Mental illness or substance addiction is not the cause of a person’s abuse, but it can contribute to the already existing problem and/or increase the risk of violence. People may call it “anti-social personality disorder” or “narcissistic personality disorder”, whatever you may call it, the signs include extreme self-centeredness—which include being outraged at criticism and that anyone could think they’re anything but kind and generous— and lacking a conscience, thus being able to engage repeatedly in behavior that is harmful to others—including aggressive behavior outside of his partner as well as with her, a criminal record by age 30 even with minor offenses, and cheating. These are both very difficult to change through therapy, claims Lundy Bancroft, who has 27 years of experience with domestic abuse and abusive men, and director of the first program for abusive men in the U.S.
“I am not responsible for my actions because of my psychological or substance problems. If you challenge me about my abusiveness, you are being mean to me, considering the other problems I have.”
It’s important to remember that many abusers have many different faces of the categories above and he may not even fit into any type. There will also be “good times” when he turns especially loving and thoughtful when you feel you must have been imagining the bad times or that things are back to how it used to be when you first got together. However, whether it’s a few days or a few months, the abuse will always eventually come back. Unless the abuser has dealt with his abusiveness through therapy and even then it is still very difficult to change.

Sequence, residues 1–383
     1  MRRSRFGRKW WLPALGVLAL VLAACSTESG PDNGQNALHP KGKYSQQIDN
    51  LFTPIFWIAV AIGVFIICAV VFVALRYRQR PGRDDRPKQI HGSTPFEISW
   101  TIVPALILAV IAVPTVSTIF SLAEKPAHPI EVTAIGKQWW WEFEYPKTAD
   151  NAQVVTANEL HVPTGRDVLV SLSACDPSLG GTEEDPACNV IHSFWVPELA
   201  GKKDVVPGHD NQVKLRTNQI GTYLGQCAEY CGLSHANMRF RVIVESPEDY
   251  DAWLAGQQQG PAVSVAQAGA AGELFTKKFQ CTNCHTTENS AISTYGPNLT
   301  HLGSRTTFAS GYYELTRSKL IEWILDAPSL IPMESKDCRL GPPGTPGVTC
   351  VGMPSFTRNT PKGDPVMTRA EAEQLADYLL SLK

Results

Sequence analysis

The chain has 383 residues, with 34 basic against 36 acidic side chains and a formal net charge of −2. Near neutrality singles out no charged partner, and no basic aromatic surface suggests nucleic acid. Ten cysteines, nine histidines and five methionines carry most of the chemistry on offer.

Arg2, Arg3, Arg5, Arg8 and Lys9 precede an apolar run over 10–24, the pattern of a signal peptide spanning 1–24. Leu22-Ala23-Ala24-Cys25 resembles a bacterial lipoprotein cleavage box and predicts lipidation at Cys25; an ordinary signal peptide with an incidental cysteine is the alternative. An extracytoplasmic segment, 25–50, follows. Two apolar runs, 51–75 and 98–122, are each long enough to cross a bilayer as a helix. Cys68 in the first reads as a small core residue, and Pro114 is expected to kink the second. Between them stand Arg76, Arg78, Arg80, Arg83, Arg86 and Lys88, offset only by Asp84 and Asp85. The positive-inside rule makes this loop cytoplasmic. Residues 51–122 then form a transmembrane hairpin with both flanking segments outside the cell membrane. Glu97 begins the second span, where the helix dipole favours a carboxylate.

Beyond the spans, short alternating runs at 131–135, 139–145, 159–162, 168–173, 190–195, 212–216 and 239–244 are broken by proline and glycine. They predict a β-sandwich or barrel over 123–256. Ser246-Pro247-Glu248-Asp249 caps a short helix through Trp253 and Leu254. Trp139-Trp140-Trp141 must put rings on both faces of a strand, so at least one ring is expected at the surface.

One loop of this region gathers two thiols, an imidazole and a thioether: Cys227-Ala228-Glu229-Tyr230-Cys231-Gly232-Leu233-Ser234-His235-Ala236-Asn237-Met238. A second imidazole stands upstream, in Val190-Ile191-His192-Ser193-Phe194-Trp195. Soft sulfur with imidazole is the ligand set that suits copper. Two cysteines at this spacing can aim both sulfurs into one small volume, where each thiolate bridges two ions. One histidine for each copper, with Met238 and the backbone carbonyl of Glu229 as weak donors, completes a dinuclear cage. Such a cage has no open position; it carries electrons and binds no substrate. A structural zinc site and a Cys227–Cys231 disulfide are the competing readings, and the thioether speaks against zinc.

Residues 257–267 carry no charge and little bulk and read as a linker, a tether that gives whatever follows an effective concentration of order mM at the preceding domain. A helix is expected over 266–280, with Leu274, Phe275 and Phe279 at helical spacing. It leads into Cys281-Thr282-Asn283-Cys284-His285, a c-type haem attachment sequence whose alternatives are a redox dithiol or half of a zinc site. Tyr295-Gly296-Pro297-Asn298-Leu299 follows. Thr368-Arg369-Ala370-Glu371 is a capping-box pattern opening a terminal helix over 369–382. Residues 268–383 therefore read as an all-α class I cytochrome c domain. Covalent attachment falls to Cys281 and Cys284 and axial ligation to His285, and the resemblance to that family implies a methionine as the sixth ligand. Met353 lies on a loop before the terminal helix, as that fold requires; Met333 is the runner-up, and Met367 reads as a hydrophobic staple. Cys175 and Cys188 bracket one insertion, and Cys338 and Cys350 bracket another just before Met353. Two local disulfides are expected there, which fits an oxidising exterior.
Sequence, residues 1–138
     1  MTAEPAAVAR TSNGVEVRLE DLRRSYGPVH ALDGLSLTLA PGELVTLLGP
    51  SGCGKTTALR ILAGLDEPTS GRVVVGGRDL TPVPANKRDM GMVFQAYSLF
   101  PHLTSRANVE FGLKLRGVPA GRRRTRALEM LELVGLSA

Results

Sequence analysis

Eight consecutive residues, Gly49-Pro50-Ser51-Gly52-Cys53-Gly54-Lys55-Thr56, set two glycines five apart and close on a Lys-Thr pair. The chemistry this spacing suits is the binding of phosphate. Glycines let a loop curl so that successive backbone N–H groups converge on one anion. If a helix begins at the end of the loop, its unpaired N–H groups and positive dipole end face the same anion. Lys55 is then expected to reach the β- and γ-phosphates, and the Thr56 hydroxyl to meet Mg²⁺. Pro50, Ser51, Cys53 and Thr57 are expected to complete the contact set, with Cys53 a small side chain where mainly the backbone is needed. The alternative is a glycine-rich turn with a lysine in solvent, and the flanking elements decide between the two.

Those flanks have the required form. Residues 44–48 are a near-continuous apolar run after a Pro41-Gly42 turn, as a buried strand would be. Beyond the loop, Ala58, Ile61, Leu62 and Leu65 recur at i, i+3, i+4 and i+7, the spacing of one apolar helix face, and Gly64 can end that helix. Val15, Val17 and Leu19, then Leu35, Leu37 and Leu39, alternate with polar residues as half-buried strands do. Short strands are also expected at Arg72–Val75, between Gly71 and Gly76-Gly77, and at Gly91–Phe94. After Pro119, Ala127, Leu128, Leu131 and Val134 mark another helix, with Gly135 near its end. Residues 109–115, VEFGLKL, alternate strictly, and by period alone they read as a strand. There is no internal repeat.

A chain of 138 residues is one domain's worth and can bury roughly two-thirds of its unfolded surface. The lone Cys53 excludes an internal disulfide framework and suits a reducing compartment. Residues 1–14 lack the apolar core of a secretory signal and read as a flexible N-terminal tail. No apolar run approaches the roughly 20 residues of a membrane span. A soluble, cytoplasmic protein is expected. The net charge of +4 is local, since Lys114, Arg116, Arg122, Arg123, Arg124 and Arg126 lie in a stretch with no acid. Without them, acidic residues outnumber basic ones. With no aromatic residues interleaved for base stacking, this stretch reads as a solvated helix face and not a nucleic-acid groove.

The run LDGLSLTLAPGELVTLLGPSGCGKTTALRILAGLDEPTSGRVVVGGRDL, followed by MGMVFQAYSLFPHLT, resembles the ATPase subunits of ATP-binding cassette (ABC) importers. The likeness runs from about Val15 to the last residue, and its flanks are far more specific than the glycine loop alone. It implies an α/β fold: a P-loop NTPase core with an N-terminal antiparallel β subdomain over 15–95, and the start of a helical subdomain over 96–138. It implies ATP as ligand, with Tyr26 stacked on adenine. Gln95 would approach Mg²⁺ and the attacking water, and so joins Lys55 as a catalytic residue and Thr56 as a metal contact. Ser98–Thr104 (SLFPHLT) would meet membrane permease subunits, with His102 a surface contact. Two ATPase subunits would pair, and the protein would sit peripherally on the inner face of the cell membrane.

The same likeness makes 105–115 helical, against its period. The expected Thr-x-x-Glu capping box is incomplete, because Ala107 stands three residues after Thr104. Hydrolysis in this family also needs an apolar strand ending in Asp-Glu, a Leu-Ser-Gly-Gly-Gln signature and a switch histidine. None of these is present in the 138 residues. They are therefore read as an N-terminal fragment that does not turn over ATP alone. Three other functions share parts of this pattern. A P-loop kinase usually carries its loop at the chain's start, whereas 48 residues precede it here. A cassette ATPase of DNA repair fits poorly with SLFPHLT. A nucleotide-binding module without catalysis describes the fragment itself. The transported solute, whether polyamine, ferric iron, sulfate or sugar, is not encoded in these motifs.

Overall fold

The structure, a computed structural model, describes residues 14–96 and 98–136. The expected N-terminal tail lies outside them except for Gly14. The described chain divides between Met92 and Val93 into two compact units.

Disclosure of Material Connection: Some of the links in the post above are “affiliate links.” This means if you click on the link and purchase the item, I will receive an affiliate commission. Regardless, I only recommend products or services I use personally and believe will add value to my readers. I am disclosing this in accordance with the Federal Trade Commission’s 16 CFR, Part 255: “Guides Concerning the Use of Endorsements and Testimonials in Advertising.”